The US has said it will file a guilty plea against Boeing to avoid trial in the 737 Max plane crash case.


The Justice Department plans to allow Boeing to avoid criminal prosecution if it agrees to plead guilty to fraud charges arising from two fatal crashes of its 737 Max more than five years ago, according to two lawyers for families of crash victims.

Federal officials shared details of the proposal in conversations with the families on Sunday afternoon, according to lawyers Paul G. Cassel and Mark Lindquist, and said the Justice Department had not yet brought the deal to Boeing.

The conditions include a fine of about $244 million, new investments in safety improvements, a three-year investigation by an outside monitor and meetings between Boeing's board and victims' families, said Mr. Castle, the University of Utah law professor.

The Justice Department did not immediately respond to a request for comment, while Boeing also declined to comment.

Mr Castle, who represents more than a dozen families, said he and his family found the deal “insulting” and far below what they had asked for. He described the offer as a “sweetheart plea deal” because it would not force Boeing to admit fault in the deaths of the 346 people killed in the crashes in Indonesia and Ethiopia in late 2018 and early 2019.

“The families will vigorously oppose this plea deal,” Mr. Castle said in a statement. “The memory of the 346 innocent people killed by Boeing demands more justice than this.”

The Justice Department said it planned to notify Boeing of its proposal after the call, Mr. Castle said.

The terms reportedly being offered to Boeing would update a 2021 agreement that resolved a criminal charge accusing the aerospace giant of conspiring to defraud the Federal Aviation Administration. Under the new agreement, Boeing would have to plead guilty to that charge, according to lawyers.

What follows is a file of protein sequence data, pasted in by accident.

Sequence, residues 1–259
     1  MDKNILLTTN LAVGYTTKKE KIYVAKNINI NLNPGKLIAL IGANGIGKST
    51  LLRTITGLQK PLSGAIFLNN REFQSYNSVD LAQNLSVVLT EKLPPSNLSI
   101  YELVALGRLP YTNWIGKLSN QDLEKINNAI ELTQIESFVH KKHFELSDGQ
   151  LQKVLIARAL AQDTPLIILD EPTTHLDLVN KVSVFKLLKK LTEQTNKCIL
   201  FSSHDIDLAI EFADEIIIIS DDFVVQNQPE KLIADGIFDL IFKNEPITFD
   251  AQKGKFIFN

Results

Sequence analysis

The 2021 criminal charge centered on two employees who were accused of concealing information from the FAA about changes made to software called MCAS, which was later implicated in the crashes.

Under the earlier deal, the airline had agreed to pay $500 million to the families of the victims and more than $1.7 billion to its customers for missing out on Max deliveries during the 20-month global ban on the jet.

In May the Justice Department found that Boeing had violated the agreement by failing to adequately prevent subsequent violations of US fraud laws in its operations. In a statement at the time, Boeing said it believed it had honored the terms of the earlier agreement.

In considering how to punish Boeing for the accidents, the Justice Department faced competing pressures to hold Boeing accountable for its failures while not harming the company, given Boeing's vital role in the nation's economy and national security.

The 2021 settlement angered families of crash victims, who have long argued that Boeing and its executives should face greater consequences, including public lawsuits. Many of those families have reached civil settlements with the company, though a handful are fighting civil damage trials that are set to begin later this year.

In 2022, a jury in Texas acquitted former Boeing technical pilot Mark A. Forkner of defrauding two of the company's customers, the only criminal case the federal government brought against an individual connected to the crashes.

The Justice Department has also launched a criminal investigation into Boeing over a flight in January in which a panel blew off a Max jet operated by Alaska Airlines. No major injuries were reported, but the incident has reignited concerns among lawmakers and the public about the quality of Boeing jets.

Mark Walker Contributed reporting.


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